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    question: complete the ionic equation between iodine and thiosulfate ions.

    I2(aq) + 2S2O32-(aq) ---> ???

    this is in an as level exam and we are not taught this equation, therefore there must be a method of working out what the products are?

    Any ideas? thanks

    I would like the method of how to work it out.. I am so bad at these..
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    (Original post by upthegunners)
    question: complete the ionic equation between iodine and thiosulfate ions.

    I2(aq) + 2S2O32-(aq) ---> ???

    this is in an as level exam and we are not taught this equation, therefore there must be a method of working out what the products are?

    Any ideas? thanks

    I would like the method of how to work it out.. I am so bad at these..
    2S2O32¯(aq) + I2(aq) → S4O62¯(aq) + 2I¯(aq)

    The thiosulfate is a reducing agent, that's just something to learn. Hence it's reducing the iodine to iodide ions.
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    (Original post by LeonVII)
    2S2O32¯(aq) + I2(aq) → S4O62¯(aq) + 2I¯(aq)

    The thiosulfate is a reducing agent, that's just something to learn. Hence it's reducing the iodine to iodide ions.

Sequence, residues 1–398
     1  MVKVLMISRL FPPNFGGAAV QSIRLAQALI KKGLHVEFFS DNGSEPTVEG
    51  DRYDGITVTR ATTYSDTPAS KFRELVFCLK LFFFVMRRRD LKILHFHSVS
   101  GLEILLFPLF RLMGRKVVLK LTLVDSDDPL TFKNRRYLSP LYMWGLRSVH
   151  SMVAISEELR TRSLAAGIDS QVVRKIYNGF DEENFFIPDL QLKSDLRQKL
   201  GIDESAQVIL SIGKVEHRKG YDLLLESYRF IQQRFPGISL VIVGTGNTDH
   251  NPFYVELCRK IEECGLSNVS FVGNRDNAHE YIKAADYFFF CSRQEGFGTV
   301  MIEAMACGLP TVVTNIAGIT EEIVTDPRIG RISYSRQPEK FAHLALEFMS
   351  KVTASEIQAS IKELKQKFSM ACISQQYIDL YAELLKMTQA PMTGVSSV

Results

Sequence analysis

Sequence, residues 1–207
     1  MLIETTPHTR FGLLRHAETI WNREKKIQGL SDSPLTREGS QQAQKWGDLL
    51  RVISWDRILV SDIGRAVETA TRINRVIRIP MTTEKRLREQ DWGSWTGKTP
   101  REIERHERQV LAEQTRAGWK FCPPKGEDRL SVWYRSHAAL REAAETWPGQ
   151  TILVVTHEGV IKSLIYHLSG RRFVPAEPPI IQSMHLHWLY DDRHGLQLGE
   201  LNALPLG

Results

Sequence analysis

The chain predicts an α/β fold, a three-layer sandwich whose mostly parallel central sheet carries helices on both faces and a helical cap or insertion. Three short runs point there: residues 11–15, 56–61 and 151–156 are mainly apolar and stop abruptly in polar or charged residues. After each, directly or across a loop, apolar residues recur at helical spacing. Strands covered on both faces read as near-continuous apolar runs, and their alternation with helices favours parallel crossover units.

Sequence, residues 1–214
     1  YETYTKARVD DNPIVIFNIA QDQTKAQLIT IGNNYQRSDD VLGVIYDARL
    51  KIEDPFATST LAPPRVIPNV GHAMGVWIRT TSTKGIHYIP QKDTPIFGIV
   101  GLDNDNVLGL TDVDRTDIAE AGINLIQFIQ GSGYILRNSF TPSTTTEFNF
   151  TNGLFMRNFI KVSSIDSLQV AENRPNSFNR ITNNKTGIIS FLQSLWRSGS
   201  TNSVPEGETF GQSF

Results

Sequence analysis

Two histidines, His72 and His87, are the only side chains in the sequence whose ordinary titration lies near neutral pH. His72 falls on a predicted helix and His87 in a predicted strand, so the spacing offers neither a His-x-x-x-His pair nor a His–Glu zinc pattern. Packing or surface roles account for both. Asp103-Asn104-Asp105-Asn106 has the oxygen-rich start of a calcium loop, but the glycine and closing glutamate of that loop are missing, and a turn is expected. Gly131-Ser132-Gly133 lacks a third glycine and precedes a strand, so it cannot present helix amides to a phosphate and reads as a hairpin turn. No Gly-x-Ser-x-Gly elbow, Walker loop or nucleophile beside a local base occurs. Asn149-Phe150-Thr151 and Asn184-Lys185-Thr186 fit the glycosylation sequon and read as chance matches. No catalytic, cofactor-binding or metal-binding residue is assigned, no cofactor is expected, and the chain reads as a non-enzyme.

I thought iodine got oxidised easily so therefore the Iodine would be the reducing agent? how on earth do you decide what number to put after S and O on the RHS of the equation? :lol: This is why I hate Chemistry..
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    (Original post by upthegunners)
    I thought iodine got oxidised easily so therefore the Iodine would be the reducing agent? how on earth do you decide what number to put after S and O on the RHS of the equation? :lol: This is why I hate Chemistry..
    As thisoulfate is the reduing agent, it itself gets oxidised: in the simplest sense it gains oxygen.

    Now if you look closely, the S406 is double the S2O3. This is essentially intuitive, you wouldnt want to start mixing up weird ratios like making the product S3O7 or something! Granted, a lot of chemistry is just gut feeling and being familiar with equations
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    (Original post by LeonVII)
    As thisoulfate is the reduing agent, it itself gets oxidised: in the simplest sense it gains oxygen.

    Now if you look closely, the S406 is double the S2O3. This is essentially intuitive, you wouldnt want to start mixing up weird ratios like making the product S3O7 or something! Granted, a lot of chemistry is just gut feeling and being familiar with equations
    but no more S or O atoms have been added to the equation?
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    (Original post by upthegunners)
    but no more S or O atoms have been added to the equation?
    They have to the product and then you put a 2 infront of the initial reactant to balance it out.
 
 
 
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